Observatory Crest, the show’s title, refers to the concept of the exhibition as vantage point: a custom-built hiding place from where the world can be observed and studied. In his research and collaborations, Koeman always works towards proposals for a performative ‘state’ or a temporary ‘situation’. The eventual performance is then directed by the space as a source of energy and as a measure, and apart from some details made in advance, the works are constructed on site.

The scenography at KIOSK combines a number of Koeman’s existing installations with new in situ work. Sculptures in wood and metal mix with photographs, texts and drawings. On this ornamental level a whole series of storylines meet, making for discordant and complex intertextuality. An intuitive and associative path unwinds through the exhibition space on a non-linear time track. Koeman thus effectively transforms KIOSK into an experiential environment where time and space are experienced subjectively. In a subjective mental experience of architecture, the visitor is confronted with a human or rational structure that is capable of expressing and relating emotions and thoughts about façade, conflictive artistic relations, modernism, and the history of art and architecture.

Koeman sublimates socio-political phenomena from reality into abstract, immersive installations. In the margins of influential historical events we also find a series of personal, anecdotal stories in the exhibition. The staged scenes function as sculptural platforms that are occupied at specific moments by human actors, or that materialize from a constellation of tangible materials, architectural forms, and ideas from our cultural history. They are models for reflection that formulate questions about how sculpture can manifest itself, but they are also illustrations of the ways in which society and our gaze function. As such, Koeman explores the boundary between quotation and autonomous poetics in sculpture, and the point where a sculpture attains a state of scalelessness.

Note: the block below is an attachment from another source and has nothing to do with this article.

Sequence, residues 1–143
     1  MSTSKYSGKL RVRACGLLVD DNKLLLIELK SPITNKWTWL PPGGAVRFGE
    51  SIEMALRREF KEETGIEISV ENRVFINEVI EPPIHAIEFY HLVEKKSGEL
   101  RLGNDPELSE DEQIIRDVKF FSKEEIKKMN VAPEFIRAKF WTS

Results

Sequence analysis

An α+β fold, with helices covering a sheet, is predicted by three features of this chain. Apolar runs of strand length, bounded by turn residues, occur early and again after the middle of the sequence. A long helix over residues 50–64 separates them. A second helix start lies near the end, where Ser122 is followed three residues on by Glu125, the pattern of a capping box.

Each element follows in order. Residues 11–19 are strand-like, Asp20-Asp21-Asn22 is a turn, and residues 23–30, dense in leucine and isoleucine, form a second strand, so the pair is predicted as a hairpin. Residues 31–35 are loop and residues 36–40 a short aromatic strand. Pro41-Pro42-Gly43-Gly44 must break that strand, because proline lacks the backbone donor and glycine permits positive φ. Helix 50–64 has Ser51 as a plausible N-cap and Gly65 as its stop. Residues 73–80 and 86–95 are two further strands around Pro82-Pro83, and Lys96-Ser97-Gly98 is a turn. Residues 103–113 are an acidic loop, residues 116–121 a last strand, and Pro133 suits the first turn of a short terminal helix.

Jean Bernard Koeman is a visual artist and curator. Between 1998 and 2003 he was director of the Arts Centre W139 in Amsterdam, where he staged more than 40 exhibitions with young artists. As a visiting professor, he is affiliated with the Rietveld Academie in Amsterdam and MAPS in Sierre, Switzerland. As a scenographer he works for Les Ballets C de la B in Ghent and Toneelhuis in Antwerp.

Observatory Crest is realized with the support of Toneelhuis and the Mondriaan Fund.

06.10.12 - 18.11.12

Claudia Wieser

Opening: Friday 5 October 2012 - 20:00

Exhibition
Claudia Wieser, 'Furniture'. 2012.
Claudia Wieser, 'Furniture'. 2012.
Claudia Wieser, 'Furniture'. 2012. Photo Yana Foque.
Claudia Wieser, 'Furniture'. 2012. Photo Yana Foque.
Claudia Wieser, 'Furniture'. 2012. Photo Yana Foque.
Claudia Wieser, 'Furniture'. 2012. Photo Yana Foque.
Claudia Wieser, 'Furniture'. 2012. Photo Laurent Fobe.
Claudia Wieser, 'Furniture'. 2012. Photo Laurent Fobe.
Claudia Wieser, 'Furniture'. 2012. Photo Yana Foque.
Claudia Wieser, 'Furniture'. 2012. Photo Yana Foque.
Claudia Wieser, 'Furniture'. 2012. Photo Yana Foque.
Claudia Wieser, 'Furniture'. 2012. Photo Yana Foque.
Claudia Wieser, 'Furniture'. 2012. Photo Laurent Fobe.
Claudia Wieser, 'Furniture'. 2012. Photo Laurent Fobe.
Claudia Wieser, 'Furniture'. 2012. Photo Laurent Fobe.
Claudia Wieser, 'Furniture'. 2012. Photo Laurent Fobe.
Claudia Wieser, 'Furniture'. 2012. Photo Laurent Fobe.
Claudia Wieser, 'Furniture'. 2012. Photo Laurent Fobe.
Claudia Wieser, 'Furniture'. 2012. Photo Yana Foque.
Claudia Wieser, 'Furniture'. 2012. Photo Yana Foque.
Claudia Wieser, 'Furniture'. 2012. Photo Yana Foque.
Claudia Wieser, 'Furniture'. 2012. Photo Yana Foque.
Claudia Wieser, 'Furniture'. 2012. Photo Yana Foque.
Claudia Wieser, 'Furniture'. 2012. Photo Yana Foque.
Claudia Wieser, 'Furniture'. 2012. Photo Yana Foque.
Claudia Wieser, 'Furniture'. 2012. Photo Yana Foque.

Furniture

KIOSK opens this season with Furniture, a solo show by Berlin-based artist Claudia Wieser (°1973, Freilassing, Germany). In this exhibition, Wieser presents an ensemble of drawings, ceramic and wooden sculptures, and a spatial intervention where the walls of the cabinet rooms are covered with black-and-white prints of interiors, creating an illusionistic perspective.

Wieser’s visual style is marked by an abstraction that is precise and consistent in its form, colour and materials. Like abstract paintings, Wieser’s glazed ceramic tiles consist of geometric patterns. In one case, these are combined to form a large sculpture that is placed in the hemicycle room like a free-standing folding screen. Surrounding the screen are wooden sculptures that are made up of elementary shapes like cylinders, cones and spheres. There is a thematic and pictorial resonance between the spatial intervention and the series of framed drawings and photographs overlaid with geometric compositions in gold leaf and pencil.